Shandra Patton is our Seedlings Fellow at Augusta Lewis Troup School in New Haven. She teaches preK and is collaborating with kindergarten teacher Gyna Grant and art teacher Rebecca Looney, both two-time participants at the SEC summer workshop, to integrate curriculum and explore process art at various age levels. Here are some of her thoughts on emergent curriculum.

As early childhood educators we take into account the skills of the children with whom we work.  We build attachments with these children in order to recognize their individual needs and to help them explore their interests.  As someone who has attended Seedlings Educators Collaborative I feel equipped with the tools necessary to do so, and I feel capable of my ability to create a project-based, emergent curriculum.  Of course this would mean planning, implementing and facilitating a curricular plan that actively tracks the children’s interests, while building on their present knowledge.  In order to create an environment in which children are constantly exploring, discovering, predicting and generating an understanding of the world around them, teachers should be creative in whatever way possible and not be afraid to make mistakes.  A teacher must be willing to commit to the moment, and trust the process.  As an early childhood educator, I have come to learn that mistakes are part of the learning and can indeed be a factor that shapes a particular project or piece of an emerging curriculum.

In a recent experience, I attended a planning meeting that was being facilitated by one of my supervisors.  The objective of the meeting was to have a discussion about the direction of the classroom’s curriculum.   Shortly into the discussion I was asked if I could give an example of an emergent curriculum, and immediately I gave an account of an activity that did not quite turn out the way I thought that it would have and how this unexpected outcome turned into an even more interesting avenue of exploration for the children.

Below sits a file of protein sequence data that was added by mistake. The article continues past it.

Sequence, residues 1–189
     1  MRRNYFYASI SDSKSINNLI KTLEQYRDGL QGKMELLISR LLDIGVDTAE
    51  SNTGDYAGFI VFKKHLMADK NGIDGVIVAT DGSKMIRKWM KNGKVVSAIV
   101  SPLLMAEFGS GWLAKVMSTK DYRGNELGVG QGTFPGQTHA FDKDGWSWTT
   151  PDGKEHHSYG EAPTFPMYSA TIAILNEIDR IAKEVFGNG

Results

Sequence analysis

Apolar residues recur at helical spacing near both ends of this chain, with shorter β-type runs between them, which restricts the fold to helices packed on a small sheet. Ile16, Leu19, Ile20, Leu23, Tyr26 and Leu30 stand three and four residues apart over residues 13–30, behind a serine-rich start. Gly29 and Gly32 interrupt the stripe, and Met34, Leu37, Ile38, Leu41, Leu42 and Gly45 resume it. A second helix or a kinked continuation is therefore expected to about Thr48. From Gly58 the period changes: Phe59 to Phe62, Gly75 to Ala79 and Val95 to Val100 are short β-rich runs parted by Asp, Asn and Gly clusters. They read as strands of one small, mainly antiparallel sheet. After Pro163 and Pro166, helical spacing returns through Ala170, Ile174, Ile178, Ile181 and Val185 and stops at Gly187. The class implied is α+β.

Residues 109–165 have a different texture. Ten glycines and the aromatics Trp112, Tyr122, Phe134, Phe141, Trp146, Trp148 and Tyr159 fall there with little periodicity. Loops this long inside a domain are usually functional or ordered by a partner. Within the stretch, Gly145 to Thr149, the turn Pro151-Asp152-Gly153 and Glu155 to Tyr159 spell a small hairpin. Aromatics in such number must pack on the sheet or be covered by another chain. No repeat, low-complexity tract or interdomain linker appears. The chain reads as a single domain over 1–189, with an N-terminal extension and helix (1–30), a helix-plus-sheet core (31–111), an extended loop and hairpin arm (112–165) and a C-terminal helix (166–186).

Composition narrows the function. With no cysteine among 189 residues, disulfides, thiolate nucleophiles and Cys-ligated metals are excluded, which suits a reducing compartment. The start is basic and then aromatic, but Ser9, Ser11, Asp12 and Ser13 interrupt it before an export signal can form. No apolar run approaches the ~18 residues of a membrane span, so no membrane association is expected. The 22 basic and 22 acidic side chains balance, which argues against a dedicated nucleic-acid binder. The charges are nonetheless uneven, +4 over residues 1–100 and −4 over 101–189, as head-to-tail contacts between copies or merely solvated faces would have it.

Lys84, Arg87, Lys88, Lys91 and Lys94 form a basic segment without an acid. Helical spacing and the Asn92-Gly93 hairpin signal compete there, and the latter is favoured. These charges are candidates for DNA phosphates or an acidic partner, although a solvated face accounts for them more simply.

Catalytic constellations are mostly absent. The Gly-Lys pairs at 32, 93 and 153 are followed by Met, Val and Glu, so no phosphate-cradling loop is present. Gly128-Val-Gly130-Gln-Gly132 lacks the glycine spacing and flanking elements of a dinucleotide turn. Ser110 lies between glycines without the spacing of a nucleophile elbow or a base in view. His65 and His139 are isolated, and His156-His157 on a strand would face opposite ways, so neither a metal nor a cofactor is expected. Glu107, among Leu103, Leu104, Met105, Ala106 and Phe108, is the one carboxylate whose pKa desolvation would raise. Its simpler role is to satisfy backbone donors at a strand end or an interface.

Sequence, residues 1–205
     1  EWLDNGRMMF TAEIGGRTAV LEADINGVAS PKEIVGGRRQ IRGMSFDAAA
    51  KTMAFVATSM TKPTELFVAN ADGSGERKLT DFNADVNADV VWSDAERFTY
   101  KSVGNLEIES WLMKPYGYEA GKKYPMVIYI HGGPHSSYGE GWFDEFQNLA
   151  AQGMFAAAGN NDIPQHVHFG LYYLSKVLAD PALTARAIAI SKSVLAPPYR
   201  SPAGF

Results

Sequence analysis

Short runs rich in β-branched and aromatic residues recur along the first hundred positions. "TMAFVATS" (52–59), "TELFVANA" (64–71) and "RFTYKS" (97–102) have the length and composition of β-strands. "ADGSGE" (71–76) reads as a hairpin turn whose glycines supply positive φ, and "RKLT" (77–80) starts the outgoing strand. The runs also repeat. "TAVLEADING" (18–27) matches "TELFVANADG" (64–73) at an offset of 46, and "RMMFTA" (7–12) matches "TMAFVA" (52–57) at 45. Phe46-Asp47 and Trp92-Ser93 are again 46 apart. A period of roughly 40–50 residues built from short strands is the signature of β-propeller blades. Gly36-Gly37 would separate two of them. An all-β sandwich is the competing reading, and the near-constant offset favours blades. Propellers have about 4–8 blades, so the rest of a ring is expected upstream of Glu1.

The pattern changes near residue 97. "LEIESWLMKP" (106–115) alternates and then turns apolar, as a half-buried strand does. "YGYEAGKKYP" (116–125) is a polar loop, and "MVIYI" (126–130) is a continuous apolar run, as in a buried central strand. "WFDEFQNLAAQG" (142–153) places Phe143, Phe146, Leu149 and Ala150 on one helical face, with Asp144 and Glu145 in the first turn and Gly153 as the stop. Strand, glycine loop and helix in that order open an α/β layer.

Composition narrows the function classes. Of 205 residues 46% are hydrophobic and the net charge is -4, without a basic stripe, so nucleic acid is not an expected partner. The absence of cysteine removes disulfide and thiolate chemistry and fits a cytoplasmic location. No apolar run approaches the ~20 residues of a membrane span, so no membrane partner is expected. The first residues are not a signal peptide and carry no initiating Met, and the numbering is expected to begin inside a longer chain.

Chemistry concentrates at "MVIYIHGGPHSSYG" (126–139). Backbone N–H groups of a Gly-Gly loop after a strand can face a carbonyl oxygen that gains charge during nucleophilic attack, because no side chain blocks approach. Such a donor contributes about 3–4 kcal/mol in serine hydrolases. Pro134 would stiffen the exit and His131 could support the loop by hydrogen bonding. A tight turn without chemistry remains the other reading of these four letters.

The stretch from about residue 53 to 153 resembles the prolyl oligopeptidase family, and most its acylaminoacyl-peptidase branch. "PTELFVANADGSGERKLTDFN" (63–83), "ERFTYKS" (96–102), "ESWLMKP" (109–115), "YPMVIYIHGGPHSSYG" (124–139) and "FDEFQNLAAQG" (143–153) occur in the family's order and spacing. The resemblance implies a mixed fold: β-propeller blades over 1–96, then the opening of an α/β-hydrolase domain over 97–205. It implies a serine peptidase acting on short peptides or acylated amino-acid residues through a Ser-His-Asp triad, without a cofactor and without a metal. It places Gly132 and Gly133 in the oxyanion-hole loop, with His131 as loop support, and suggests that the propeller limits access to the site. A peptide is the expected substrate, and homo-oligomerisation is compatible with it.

The activity was a discovery activity in which children were encouraged to explore a material: synthetic snow.  After observing the child play with the synthetic snow and asking several open-ended questions I was a little let down that none of the children discovered the snow was not real.  This immediately caused me to think of ways in which the children would come to realize there was indeed a difference between the synthetic snow and real snow.  This is what we came up with and executed the next day. This is an emergent curriculum.

Let the discovery begin!!! This is how the children came in to find the sensory table set up the following morning.  Teachers said nothing to the children about the changes made to the sensory table.  The children continued to walk past it, just looking inside.

During Morning Meeting the groundwork was laid and the discovery challenge was introduced.  Little do the children know that I collected ice and snow that morning on my way to work!

After Morning Meeting a group of children sat in the science area and started the challenge. Children were encouraged to try to figure out what was inside the bag without opening it.

After a little bit more conversation the children move on to the next stage of their discovery. Not using any props or tools lends a hand to their initial discoveries.  The children here are merely using their senses to supply them with an abundance of information.

After a couple more minutes the children make choices about the tools they are interested in using in order to extend their discovery and exploration.


Open-ended play is the best way for children to build self-esteem, problem solve and make connections that include various domains.

When I first thought about adding the synthetic snow in the sensory table I never thought to provide the children with the actual snow at the same time.  When I realized that our discussion fell flat while investigating the synthetic snow, I realized my mistake in not providing the real thing.  Through experience, good mentoring, and my Seedlings training, I have begun to trust my knowledge of early child development, embrace my creativity, and learn from my mistakes, elements often essential to implementing a truly emergent curriculum.